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Review Paper


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Review Paper

  1. 1. Narcissistic Personality Disorder: What’s To Blame? Rebecca Brandt Argosy University
  2. 2. Outline <ul><li>Overview of Narcissistic Personality Disorder (NPD) </li></ul><ul><li>Contributing Risk Factors </li></ul><ul><ul><li>Childhood Attachment Style </li></ul></ul><ul><ul><li>Parenting Styles </li></ul></ul><ul><ul><li>Environmental and Family </li></ul></ul><ul><ul><li>Individual Risk Factors </li></ul></ul><ul><ul><li>Genetic and Inborn Personality Traits </li></ul></ul><ul><li>Future Research </li></ul><ul><li>Conclusion </li></ul><ul><li>References </li></ul>
  3. 3. Overview of NPD <ul><li>Cluster B Personality Disorder </li></ul><ul><ul><li>Pervasive pattern of grandiosity </li></ul></ul><ul><ul><li>Need for admiration </li></ul></ul><ul><ul><li>Lack of empathy </li></ul></ul><ul><ul><li>Sense of entitlement </li></ul></ul><ul><li>Exact cause is unknown </li></ul><ul><li>Very difficult to treat </li></ul>
  4. 4. Contributing Risk Factors: Childhood Attachment Style <ul><li>Research shows insecure attachments is a risk factor </li></ul><ul><ul><li>The more negative the attachment, the more serious the symptoms (Ling & Qian, 2010). </li></ul></ul><ul><ul><li>Personality disorder patients have a higher likelihood of having an insecure attachment than secure (Brennan and Shaver 1998). </li></ul></ul><ul><ul><li>NPD is one of three personality disorders most associated with dimensions of insecure attachment (Lyddon & Sherry, 2001). </li></ul></ul>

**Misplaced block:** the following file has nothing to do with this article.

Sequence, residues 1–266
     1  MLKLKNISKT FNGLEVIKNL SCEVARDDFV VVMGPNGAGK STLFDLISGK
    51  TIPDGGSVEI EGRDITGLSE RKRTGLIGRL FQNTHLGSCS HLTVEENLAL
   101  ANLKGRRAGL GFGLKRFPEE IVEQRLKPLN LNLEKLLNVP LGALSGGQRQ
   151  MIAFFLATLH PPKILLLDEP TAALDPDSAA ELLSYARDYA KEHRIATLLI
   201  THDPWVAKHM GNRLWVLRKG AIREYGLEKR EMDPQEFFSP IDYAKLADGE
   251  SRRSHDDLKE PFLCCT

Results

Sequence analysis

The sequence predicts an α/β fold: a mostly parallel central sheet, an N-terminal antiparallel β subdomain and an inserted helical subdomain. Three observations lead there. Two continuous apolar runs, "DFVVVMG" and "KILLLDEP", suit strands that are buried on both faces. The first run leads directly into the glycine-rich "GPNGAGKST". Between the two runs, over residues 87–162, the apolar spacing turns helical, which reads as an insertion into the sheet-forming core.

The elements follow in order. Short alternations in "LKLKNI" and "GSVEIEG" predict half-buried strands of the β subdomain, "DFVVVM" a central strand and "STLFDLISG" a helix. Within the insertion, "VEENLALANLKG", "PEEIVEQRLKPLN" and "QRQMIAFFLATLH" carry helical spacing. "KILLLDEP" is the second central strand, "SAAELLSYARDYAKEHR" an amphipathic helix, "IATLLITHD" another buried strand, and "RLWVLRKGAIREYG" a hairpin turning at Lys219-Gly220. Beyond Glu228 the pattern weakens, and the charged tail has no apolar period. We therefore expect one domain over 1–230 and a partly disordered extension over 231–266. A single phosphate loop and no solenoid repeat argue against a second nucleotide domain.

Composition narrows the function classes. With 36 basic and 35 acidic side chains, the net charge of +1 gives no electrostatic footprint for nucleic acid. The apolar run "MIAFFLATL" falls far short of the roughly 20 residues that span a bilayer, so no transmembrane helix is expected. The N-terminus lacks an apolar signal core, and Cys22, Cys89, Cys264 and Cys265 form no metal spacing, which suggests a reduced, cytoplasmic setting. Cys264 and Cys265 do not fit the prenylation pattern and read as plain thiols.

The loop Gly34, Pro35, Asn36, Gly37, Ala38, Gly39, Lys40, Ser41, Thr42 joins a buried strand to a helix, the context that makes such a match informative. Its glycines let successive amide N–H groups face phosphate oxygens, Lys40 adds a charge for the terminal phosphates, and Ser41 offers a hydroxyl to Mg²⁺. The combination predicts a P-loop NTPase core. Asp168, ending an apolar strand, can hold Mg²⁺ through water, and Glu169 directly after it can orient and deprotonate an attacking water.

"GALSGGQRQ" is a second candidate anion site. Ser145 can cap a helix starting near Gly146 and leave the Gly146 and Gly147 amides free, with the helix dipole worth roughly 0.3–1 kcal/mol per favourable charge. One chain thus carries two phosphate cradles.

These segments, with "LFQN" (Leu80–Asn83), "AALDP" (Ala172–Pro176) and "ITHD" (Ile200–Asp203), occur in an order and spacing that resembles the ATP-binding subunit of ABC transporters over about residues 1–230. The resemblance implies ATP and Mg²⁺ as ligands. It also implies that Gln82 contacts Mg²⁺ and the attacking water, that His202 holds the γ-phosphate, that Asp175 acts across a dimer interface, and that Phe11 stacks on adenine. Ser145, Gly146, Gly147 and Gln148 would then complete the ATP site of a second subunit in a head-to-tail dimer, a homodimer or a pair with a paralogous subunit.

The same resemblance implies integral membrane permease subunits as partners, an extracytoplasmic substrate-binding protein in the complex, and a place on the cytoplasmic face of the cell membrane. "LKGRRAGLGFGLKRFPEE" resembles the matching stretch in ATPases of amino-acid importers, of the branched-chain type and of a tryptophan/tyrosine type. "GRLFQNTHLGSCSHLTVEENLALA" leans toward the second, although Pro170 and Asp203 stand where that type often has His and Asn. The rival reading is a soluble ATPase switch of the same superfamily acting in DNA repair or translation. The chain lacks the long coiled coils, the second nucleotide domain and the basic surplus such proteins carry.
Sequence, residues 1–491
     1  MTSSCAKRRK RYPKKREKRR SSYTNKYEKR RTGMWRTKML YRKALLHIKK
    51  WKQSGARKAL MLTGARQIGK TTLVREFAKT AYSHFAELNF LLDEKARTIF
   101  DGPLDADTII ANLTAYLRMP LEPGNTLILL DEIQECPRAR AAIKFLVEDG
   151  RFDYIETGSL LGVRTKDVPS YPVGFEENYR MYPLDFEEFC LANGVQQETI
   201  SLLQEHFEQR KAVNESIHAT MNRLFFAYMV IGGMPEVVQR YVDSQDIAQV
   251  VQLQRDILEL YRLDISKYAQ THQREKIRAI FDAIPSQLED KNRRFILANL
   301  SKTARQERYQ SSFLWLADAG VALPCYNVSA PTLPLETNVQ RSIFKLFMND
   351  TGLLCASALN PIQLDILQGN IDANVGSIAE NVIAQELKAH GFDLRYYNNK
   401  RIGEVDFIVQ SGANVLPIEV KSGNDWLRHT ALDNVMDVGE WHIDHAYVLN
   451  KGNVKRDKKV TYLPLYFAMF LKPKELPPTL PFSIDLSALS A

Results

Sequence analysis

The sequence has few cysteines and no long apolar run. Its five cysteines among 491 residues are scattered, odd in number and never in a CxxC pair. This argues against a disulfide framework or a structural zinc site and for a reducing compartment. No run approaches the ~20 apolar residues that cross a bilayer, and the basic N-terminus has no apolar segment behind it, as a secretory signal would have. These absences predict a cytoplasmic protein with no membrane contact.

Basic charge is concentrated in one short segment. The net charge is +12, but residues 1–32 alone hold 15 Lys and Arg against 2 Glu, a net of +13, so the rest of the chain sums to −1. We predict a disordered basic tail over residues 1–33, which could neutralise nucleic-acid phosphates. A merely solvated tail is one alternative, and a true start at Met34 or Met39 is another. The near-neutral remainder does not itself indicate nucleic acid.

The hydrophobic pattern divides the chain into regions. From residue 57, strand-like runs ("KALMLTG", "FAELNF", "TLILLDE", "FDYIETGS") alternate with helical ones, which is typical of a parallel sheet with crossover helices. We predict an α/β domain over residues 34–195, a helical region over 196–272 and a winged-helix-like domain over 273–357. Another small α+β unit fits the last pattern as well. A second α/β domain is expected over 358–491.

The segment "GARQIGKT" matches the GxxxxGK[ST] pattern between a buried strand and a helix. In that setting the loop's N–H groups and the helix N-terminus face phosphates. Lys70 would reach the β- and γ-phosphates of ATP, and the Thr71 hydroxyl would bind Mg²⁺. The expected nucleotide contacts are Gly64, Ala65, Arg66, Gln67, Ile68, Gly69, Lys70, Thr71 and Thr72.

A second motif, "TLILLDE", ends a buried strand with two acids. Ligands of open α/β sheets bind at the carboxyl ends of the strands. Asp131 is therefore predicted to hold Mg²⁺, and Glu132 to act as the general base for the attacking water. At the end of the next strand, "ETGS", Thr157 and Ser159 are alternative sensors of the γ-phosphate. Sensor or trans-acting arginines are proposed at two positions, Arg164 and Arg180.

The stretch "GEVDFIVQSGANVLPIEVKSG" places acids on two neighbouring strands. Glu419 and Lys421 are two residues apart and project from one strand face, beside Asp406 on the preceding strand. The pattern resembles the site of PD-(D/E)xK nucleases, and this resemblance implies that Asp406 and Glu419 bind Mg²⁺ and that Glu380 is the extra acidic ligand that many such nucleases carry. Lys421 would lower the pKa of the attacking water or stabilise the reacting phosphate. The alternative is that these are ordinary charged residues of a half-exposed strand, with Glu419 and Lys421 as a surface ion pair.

5. 5. Contributing Risk Factors: Parenting Styles <ul><li>Research has shown the risks of parenting styles </li></ul><ul><ul><li>The case study of an 8-year-old girl that was developing narcissistic characteristics showed parental neglect as the cause (Hamilton, Fowler, Hersh, Austin, Finn, Tharinger, Parton, Stahl, & Arora, 2009). </li></ul></ul><ul><ul><li>Unequal parental treatment and parental favoritism increased risk (Finzi-Dottan & Cohen, 2011). </li></ul></ul><ul><ul><li>Parental pampering, mainly overindulgence, correlates with narcissistic characteristics (Capron, 2004). </li></ul></ul>
  6. 6. Contributing Risk Factors: Environmental and Family <ul><li>Research has shown various environmental, family, and individual risk factors </li></ul><ul><ul><li>Early childhood experiences play a huge role (Cohen, 1996). </li></ul></ul><ul><ul><li>Major loss and major abuse are the two strongest risk factors (Laporte & Guttman, 1996). </li></ul></ul>
  7. 7. Contributing Risk Factors: Individual <ul><li>Research has linked several individual factors to NPD </li></ul><ul><ul><li>Oldest born children are more likely to develop than younger siblings (Finzi-Dottan & Cohen, 2011). </li></ul></ul><ul><ul><li>Occurs more frequently in males (Maniacci, 2007). </li></ul></ul>
  8. 8. Possible Risk Factors: Genetic and Inborn Personality Traits <ul><li>The involvement of genetics, inborn personality traits, and neurological factors have all been questioned (Kluger & Song, 2003). </li></ul>